1. What an interesting take. Most articles I’ve read have been concerned that declining birth rates will result in declining economic output. I’m happy with birth rates declining because it’s better for the climate, but I don’t speak for corporate America. I’m pretty sure you’re the only person who thinks the Chamber of Commerce wants abortion to save money for corporations.

    2. It is also what has expanded the US workforce by a large percentage, allowing women to control what they want to do with their lives, so businesses are not a cynical as you state.

    3. Wesley H; you need to go beyond reading in your echo chamber. Quite a few, including prize winning columnist John Kass, have written about the cynical real reason why corporations support abortion.

  14. Having the Supreme court overturn Roe v Wade should have been the last thing the Republicans wanted. This has been a successful wedge issue since the 1970’s when Republicans realized they could get the Catholic vote over the issue. They have weaponized this wedge issue since the 1980’s to pull in Evangelical Christain voters. As a matter of fact they have been so successful with their manufactured outrage and propaganda, they now have a good percentage of their base believing that they have always been outraged. So if they do less than a total ban, then they will be excoriated by some 30% of their base and we will see even more radical candidates voted in in the in the primaries.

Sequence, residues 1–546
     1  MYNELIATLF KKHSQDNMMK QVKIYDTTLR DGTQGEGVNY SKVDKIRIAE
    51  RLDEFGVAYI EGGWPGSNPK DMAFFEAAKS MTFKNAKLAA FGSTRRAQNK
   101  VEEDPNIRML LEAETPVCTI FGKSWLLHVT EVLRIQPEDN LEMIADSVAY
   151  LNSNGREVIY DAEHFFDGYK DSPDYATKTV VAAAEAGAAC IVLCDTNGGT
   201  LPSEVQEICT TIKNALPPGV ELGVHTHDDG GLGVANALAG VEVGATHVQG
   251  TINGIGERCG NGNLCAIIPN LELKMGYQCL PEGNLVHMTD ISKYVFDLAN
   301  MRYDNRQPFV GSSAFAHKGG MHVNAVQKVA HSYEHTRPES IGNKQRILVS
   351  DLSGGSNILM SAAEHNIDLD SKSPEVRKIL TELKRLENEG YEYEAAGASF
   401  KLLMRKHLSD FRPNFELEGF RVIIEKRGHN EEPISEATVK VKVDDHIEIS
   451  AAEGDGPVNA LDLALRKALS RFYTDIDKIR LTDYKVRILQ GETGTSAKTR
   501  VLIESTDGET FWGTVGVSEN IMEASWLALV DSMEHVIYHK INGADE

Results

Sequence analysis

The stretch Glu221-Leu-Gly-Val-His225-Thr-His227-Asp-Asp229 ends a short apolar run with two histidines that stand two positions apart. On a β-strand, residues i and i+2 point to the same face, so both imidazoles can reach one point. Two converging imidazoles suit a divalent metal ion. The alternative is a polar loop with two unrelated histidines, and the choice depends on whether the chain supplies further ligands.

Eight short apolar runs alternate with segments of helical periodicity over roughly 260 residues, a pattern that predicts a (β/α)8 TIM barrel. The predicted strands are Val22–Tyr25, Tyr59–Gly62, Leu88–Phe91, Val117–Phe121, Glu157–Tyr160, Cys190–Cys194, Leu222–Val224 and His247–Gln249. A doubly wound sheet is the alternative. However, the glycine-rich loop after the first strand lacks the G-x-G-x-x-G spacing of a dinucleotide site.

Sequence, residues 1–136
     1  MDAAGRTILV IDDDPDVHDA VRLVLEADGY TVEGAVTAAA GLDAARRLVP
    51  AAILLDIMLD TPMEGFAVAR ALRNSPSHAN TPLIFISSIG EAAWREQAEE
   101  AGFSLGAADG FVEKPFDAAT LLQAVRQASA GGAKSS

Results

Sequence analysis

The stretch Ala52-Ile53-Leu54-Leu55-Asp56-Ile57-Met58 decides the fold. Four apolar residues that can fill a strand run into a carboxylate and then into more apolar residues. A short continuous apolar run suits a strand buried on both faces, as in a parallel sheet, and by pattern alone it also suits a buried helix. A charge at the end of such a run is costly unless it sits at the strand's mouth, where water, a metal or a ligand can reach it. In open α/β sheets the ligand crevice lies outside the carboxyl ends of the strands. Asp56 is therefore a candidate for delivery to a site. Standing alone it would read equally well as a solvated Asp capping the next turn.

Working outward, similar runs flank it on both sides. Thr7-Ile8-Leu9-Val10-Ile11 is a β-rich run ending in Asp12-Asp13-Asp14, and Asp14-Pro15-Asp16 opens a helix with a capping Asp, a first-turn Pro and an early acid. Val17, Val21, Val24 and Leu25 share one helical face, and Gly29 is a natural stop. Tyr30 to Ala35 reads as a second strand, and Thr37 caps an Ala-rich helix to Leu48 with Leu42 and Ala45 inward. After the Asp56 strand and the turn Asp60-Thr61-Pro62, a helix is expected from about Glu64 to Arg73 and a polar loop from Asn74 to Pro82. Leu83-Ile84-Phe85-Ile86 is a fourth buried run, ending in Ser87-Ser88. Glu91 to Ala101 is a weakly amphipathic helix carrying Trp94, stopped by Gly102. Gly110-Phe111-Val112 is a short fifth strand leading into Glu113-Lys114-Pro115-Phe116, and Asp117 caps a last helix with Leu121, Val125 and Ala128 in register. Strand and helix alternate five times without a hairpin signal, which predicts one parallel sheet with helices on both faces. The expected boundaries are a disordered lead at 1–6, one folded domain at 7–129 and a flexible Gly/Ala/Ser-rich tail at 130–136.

Meanwhile it seems like with the Kansas vote, there is some 2/3 of the population that believe this should not be criminalized, and there are going to be some shifts in the Indiana voting base if they do criminalized it. In Indiana it might not be enough to lose the supermajority they now enjoy, but it might be enough to make politicians realize that they may have created a monster with years of divisive propaganda on this particular wedge issue.

    There might be some wisdom in doing a pause, but in the Republican spirit of letting the house burn to make a political point, it might be fun to see Republicans pass a ban and see what burns. Republicans have invested many more years in making this a wedge issue, so it might take longer than the RFRA fiasco resolve.

    1. Dan M –
      Both sides of this debate should pause and work on a reasonable sensible
      solution that people will accept.